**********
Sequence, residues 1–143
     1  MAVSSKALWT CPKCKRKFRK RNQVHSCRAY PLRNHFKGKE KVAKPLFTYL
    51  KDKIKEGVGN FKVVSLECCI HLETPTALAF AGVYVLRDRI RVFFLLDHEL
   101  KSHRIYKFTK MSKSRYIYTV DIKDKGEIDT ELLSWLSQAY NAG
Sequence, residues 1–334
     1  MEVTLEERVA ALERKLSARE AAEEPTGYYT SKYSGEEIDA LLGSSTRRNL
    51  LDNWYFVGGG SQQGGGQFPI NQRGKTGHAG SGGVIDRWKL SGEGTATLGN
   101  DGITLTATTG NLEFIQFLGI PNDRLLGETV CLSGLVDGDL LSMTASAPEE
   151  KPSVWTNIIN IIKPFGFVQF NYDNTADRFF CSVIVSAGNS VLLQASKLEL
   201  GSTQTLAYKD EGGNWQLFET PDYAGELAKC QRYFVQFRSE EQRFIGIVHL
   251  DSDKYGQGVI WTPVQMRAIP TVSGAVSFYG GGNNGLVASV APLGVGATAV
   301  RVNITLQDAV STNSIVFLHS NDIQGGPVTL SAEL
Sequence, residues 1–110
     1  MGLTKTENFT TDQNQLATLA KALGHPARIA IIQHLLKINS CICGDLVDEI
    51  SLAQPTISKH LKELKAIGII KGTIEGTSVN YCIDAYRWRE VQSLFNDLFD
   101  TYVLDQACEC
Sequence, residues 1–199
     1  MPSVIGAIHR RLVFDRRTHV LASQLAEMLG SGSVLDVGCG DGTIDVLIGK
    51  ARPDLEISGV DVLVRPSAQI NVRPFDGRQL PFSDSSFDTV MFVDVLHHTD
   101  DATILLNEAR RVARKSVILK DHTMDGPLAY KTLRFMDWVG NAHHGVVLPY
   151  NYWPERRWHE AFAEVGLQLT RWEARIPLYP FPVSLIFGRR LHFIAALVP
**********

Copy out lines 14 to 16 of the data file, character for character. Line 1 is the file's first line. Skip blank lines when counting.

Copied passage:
     1  MGLTKTENFT TDQNQLATLA KALGHPARIA IIQHLLKINS CICGDLVDEI
    51  SLAQPTISKH LKELKAIGII KGTIEGTSVN YCIDAYRWRE VQSLFNDLFD
   101  TYVLDQACEC